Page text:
It has been a rollercoaster of a semester for me. I entered this course not fully understanding what I was getting myself into, but at the same time I was very hopeful that I would find my niche. And after 16 weeks of blogging and learning about the basics of this course, I can honestly say that I feel I belong here. I’m still struggling and I know there is still much to learn; however, I can now also see that there are so many opportunities for me in this field, opportunities which I am excited to explore.
Before moving on to the next semester, l’d like to look back at what has transpired over the last few months. Below are the highlights of each blog:
Week 2: Informatics, Global Health and eHealth
Driving Question: What is the relevance of informatics to global health and eHealth?
Highlights: Introduction to the very basic concepts which I had previously confused with. These concepts served as the foundation for this course.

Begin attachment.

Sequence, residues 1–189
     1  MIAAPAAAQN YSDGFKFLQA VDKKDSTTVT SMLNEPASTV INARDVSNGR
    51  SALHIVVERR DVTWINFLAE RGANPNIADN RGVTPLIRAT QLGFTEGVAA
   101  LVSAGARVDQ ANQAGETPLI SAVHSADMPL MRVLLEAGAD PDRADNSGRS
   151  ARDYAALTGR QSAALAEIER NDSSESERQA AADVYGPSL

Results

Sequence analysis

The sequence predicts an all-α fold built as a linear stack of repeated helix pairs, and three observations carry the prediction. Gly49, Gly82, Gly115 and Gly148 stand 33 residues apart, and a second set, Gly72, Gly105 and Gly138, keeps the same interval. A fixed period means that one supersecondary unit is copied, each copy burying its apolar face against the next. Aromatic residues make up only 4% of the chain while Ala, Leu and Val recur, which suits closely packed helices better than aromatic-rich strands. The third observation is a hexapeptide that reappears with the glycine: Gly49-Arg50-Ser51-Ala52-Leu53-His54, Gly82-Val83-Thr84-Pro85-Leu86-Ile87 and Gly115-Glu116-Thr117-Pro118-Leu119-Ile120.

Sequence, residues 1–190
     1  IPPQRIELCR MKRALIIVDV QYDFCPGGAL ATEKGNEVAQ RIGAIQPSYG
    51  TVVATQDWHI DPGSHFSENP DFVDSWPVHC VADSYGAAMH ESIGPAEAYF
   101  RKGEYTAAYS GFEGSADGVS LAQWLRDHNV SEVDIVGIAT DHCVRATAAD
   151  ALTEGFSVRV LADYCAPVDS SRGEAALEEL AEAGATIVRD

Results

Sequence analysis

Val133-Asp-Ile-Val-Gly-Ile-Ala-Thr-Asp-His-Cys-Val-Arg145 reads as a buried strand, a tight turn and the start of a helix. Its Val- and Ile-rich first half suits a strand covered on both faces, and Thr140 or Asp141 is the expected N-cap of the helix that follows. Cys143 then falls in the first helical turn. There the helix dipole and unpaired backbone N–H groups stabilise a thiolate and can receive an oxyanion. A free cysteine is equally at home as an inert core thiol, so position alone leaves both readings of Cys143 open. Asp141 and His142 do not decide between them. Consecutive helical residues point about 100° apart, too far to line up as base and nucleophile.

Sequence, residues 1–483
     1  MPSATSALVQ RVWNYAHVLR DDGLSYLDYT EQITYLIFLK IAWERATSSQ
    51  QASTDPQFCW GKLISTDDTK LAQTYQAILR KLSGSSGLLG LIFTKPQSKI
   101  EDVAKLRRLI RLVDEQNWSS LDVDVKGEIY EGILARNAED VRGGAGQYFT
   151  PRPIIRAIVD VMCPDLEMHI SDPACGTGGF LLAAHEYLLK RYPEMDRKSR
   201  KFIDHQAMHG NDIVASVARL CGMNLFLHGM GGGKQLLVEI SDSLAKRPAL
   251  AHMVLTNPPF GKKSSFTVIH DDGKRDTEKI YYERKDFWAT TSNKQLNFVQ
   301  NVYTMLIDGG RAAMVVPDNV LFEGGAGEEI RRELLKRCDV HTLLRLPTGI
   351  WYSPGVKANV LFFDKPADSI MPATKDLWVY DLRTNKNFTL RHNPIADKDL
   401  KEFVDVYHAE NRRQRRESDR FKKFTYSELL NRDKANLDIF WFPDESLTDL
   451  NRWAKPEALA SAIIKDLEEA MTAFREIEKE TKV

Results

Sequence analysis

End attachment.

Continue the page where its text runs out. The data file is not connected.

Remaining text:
Week 3: Health Informatics in the Philippines
How can we advance the field of health informatics in the Philippines?
Highlights: I was honestly surprised when I discovered all the progress our country has had in terms of eHealth. It was my first introduction to RxBox, CHITS, and other local initiatives. Prior to this I was somehow pessimistic about the state of healthcare in the Philippines.
Week 4: Health Information Systems in Developing Countries
How can health information systems be sustainable in developing countries?
Highlights: I was introduced to the concept of hybrids and learned about the ITPOSMO dimensions of health information system design-reality gap.
Week 5: Governance and Management in Health Informatics
Driving Question: Why are governance and management important in health informatics?
Highlights: I learned about the COBIT 5 business framework and how it relates to governance and management.
Week 6: Establishing the Philippine Health Information Exchange
Driving Question: How can patients access their data from different healthcare providers as they transfer care?
Highlights: I learned more about the Philippine Health Information Exchange, which I thought was a very promising initiative and something which I hope I can actively get to be part of when I graduate this course.